10.  The tax and regulatory regime between 2003 and 2013: This challenge has not been overcome. Increasing tax and regulatory costs have taken its toll on the sector in the last decade and Wetherspoon has not been immune. It has meant site Ebitda has eroded from £201,900 in 2003 to £194,900 last year despite a £7,000 per week per site increase in sales. One answer lies in creating a level playing field with the supermarkets in VAT on food. For those not yet supporting Tax Parity Day, the question is: Why not?


Ether and meths: alcohols on the edge

24. June 2013 06:08

I’ve been to many tastings of many different kinds of drinks, but last week’s in a lecture room at the London School of Hygiene and Tropical Medicine, was a first. The spirit in the glasses before us was ether - the stuff you might usually think of as an anaesthetic.

A close relative of regular alcohol, ether is highly volatile and burned off in the distillation process; pour some into a glass and you can watch it evaporate. But there are ways to stabilise it and use it as a base for mixed drinks – as people have done in the past. These processes have been rediscovered by Bompas & Parr, a group of experimental organoleptic artists, who were invited to lead the tasting. The excited and rather nervous audience were delegates to Under Control, an international conference on drug and alcohol regulation organised by Alcohol Research UK and the Social History of Alcohol and Drugs journal, among others.

Sam Bompas introduced the event by describing ether as “just about legal”. To get hold of it you have to register as a chemical researcher, which apparently is quite straightforward.
In the 19th century, he explained, ether was considered a ‘less-bad’ alternative to alcohol, “because you get intoxicated and then sober again very quickly… And it won’t kill you – unless you have a cigarette at the same time. It’s highly flammable.”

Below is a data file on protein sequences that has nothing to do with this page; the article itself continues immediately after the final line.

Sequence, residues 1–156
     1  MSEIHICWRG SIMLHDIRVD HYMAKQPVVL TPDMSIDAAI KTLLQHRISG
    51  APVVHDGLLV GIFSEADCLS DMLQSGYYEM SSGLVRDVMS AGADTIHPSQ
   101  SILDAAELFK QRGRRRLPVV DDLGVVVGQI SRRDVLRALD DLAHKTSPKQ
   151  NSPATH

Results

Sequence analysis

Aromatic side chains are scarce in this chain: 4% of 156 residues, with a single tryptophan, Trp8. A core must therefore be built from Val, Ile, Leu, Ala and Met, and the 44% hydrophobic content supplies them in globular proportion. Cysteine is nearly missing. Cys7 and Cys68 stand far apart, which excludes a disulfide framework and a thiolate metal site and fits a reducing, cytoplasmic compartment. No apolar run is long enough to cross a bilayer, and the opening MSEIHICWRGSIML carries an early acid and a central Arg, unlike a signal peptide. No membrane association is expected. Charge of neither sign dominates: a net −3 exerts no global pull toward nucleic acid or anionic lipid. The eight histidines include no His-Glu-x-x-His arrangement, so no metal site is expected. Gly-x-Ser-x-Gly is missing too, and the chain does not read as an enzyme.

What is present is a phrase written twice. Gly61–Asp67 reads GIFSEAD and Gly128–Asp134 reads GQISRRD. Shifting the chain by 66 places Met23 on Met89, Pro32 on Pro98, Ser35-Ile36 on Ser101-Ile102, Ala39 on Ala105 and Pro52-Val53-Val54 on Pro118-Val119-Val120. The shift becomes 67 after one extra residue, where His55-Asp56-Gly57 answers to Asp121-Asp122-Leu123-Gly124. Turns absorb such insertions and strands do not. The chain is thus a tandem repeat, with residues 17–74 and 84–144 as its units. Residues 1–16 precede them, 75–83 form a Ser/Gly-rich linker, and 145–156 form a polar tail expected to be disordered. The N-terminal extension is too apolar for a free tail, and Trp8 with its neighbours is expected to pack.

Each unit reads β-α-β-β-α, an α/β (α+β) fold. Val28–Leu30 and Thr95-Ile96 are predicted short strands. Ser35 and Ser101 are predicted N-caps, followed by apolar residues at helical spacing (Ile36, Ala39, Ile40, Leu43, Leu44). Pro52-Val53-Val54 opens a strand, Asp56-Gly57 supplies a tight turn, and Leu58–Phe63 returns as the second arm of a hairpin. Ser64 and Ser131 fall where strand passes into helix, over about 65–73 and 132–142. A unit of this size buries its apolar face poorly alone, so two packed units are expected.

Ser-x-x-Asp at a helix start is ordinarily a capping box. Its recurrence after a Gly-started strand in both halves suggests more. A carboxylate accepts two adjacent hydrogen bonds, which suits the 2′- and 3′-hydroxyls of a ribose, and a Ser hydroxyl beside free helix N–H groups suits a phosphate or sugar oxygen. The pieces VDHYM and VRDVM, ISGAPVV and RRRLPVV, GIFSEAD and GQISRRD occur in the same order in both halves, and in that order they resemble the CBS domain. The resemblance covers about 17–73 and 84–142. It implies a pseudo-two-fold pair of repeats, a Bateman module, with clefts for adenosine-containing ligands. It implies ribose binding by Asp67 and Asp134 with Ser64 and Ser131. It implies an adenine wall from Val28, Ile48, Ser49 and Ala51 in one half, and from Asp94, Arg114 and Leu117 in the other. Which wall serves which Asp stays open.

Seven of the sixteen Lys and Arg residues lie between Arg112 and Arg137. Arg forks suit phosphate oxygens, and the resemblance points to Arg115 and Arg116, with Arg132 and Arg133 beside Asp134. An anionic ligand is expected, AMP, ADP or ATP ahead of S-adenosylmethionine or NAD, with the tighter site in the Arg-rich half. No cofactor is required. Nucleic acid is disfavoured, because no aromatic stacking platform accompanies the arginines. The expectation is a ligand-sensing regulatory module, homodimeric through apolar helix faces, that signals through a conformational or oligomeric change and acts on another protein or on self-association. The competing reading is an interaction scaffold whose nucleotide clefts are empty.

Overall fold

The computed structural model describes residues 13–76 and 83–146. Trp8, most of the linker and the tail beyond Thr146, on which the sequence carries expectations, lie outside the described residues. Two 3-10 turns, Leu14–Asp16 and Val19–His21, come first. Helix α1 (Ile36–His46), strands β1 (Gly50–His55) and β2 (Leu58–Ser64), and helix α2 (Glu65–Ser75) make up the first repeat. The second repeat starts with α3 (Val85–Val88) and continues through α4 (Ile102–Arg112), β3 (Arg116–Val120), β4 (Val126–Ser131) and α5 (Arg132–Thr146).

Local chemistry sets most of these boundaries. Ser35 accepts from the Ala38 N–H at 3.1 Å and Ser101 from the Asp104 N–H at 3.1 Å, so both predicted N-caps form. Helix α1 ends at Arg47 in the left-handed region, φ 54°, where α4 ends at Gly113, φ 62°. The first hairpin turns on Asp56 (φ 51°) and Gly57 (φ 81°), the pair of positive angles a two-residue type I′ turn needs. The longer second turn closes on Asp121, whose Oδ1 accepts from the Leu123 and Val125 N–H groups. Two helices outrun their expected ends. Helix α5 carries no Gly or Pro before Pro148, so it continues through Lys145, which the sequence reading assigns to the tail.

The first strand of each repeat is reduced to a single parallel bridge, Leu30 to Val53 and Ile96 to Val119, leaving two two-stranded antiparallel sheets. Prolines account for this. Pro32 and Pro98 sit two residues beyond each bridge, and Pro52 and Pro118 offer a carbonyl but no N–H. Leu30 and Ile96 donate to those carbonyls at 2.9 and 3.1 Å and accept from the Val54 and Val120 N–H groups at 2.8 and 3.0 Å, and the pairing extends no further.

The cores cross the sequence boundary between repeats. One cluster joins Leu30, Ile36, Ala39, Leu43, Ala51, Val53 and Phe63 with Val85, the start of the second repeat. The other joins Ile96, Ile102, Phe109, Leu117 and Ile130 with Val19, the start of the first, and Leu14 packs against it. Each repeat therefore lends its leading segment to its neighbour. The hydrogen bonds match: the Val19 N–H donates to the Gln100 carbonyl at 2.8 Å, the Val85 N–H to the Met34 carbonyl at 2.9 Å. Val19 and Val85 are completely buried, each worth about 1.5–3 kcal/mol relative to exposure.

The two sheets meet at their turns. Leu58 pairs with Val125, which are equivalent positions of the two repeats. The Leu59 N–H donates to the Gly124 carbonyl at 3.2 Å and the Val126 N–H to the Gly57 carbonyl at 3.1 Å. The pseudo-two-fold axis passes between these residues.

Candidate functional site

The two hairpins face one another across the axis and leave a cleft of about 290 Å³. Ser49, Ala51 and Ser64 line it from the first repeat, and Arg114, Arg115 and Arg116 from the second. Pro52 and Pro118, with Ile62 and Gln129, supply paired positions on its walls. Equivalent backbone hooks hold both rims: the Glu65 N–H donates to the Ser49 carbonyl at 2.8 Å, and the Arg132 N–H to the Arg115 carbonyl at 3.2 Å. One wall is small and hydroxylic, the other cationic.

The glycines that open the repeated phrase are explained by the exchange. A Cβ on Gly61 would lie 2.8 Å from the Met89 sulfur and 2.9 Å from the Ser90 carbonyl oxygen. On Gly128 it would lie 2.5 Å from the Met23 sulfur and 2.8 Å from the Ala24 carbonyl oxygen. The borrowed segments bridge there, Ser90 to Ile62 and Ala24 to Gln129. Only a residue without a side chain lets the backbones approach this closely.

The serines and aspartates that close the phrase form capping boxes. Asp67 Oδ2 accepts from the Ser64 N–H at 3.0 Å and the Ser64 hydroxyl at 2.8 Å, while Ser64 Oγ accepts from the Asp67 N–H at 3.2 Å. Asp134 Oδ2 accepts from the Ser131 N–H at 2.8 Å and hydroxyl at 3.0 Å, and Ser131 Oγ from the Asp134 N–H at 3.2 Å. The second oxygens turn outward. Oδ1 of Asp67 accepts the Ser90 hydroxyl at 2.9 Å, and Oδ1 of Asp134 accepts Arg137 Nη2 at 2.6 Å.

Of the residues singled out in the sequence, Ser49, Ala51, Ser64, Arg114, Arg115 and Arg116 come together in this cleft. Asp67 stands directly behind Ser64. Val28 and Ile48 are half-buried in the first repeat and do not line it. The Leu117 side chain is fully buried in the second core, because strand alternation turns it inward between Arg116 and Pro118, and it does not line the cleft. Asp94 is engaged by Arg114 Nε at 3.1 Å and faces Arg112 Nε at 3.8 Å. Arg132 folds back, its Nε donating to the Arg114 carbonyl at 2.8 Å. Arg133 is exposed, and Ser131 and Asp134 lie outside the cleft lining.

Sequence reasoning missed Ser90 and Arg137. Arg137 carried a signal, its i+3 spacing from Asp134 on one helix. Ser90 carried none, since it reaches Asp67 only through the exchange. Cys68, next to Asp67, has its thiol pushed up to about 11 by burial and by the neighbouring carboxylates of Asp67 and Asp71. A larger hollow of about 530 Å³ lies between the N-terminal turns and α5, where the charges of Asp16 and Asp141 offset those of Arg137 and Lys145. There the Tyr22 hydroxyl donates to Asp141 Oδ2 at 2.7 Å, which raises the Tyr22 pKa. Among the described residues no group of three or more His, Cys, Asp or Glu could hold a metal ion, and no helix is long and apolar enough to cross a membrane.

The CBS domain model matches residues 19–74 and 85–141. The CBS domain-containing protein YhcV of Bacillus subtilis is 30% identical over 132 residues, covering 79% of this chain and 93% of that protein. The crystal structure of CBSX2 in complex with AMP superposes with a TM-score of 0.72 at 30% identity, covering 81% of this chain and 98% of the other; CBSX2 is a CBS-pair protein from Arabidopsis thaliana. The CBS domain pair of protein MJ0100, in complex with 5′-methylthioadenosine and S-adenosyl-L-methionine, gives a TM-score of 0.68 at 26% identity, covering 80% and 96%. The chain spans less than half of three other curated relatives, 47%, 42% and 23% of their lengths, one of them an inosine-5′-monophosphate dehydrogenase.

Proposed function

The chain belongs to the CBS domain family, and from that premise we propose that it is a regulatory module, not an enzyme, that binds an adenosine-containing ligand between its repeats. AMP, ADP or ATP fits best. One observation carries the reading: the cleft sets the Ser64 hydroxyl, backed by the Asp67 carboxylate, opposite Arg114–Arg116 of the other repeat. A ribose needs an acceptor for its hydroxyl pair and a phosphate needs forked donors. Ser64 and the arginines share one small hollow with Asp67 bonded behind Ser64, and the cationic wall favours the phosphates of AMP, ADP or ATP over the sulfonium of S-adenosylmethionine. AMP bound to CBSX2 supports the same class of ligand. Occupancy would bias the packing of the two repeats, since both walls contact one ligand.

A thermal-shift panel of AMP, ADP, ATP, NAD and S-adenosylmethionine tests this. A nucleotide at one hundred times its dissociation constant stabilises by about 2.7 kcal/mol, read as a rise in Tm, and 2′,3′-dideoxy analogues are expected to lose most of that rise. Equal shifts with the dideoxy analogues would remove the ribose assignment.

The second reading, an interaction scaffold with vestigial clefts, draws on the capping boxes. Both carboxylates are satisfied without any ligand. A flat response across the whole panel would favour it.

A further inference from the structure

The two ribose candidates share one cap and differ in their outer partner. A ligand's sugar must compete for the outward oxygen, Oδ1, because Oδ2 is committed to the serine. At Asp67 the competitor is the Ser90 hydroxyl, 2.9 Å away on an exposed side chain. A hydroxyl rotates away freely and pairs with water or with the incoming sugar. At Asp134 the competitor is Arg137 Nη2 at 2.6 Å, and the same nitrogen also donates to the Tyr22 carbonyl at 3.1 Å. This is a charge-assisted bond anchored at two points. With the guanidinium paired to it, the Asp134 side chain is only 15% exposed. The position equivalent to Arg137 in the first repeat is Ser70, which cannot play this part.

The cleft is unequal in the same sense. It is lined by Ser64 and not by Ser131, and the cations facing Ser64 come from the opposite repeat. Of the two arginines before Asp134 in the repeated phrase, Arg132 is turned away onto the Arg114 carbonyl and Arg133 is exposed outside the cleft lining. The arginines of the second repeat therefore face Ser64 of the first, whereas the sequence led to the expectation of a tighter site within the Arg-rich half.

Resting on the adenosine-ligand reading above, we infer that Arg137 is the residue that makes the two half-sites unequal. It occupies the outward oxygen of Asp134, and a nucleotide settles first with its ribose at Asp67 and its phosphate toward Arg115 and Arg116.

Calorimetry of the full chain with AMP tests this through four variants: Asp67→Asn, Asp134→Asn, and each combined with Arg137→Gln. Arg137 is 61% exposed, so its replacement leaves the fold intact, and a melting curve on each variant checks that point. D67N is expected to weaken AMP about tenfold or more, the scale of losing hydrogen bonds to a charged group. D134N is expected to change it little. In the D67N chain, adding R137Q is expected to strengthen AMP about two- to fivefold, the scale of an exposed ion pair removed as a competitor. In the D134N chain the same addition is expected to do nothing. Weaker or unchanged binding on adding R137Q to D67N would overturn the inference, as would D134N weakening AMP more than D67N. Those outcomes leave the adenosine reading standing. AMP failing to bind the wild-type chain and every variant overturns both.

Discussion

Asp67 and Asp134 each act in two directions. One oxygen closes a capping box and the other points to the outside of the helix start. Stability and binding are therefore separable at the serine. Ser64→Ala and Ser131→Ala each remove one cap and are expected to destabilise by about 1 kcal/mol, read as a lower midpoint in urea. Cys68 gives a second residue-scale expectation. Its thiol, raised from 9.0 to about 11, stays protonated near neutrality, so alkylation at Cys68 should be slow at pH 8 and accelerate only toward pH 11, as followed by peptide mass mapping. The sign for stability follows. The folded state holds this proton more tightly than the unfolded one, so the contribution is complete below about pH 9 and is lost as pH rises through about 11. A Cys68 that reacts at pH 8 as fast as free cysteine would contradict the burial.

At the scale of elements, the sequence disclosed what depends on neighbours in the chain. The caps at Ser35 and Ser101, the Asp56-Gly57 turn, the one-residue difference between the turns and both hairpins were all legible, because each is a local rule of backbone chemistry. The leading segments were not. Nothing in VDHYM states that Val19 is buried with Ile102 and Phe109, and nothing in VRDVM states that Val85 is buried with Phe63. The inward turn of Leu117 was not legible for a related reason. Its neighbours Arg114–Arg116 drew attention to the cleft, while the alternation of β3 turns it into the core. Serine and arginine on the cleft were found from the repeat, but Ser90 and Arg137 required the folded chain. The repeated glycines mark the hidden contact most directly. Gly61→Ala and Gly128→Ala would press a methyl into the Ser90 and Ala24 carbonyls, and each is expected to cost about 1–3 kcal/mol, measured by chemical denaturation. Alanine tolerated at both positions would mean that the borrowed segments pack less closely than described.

Suitably warned, the first ether-based drink was served up – a variety of champagne cocktail that proved a pleasant, fresh-tasting introduction to the spirit, complete with floating strawberry.

The next was more challenging. The Eagle’s Tail was a drink devised by occultist Aleister Crowley. The ether was made into a syrup, to stabilise it, then mixed with brandy, maraschino liqueur and absinthe. Despite that, no academics were harmed in the experiment. Ether turned out to be not so scary after all. But what could follow it at the next conference tasting?

How about meths? Methylated spirit drinking was the subject of a fascinating talk at Under Control by Stella Moss of Royal Holloway College. Meths are ethyl alcohol mixed with methanol to make it supposedly undrinkable. But that didn’t stop some; meths was most often made more palatable by blending it with cheap red wine to make Red Biddy.

Meths drinkers in the 20th century were typically homeless down-and-outs who were stigmatised and considered hopeless cases. Even the Salvation Army kicked them out.

Yet ether and meths are not so different. Both are highly volatile and extraordinarily strong alcohols, but ether seems far more acceptable, and even has a touch of glamour about it.

Perhaps it comes down not to the chemical composition, but who’s drinking it.



About the author

Phil Mellows

Phil Mellows is a freelance journalist and writer specialising in the UK pub industry and alcohol policy. For more information, and the Politics of Drinking blog, go to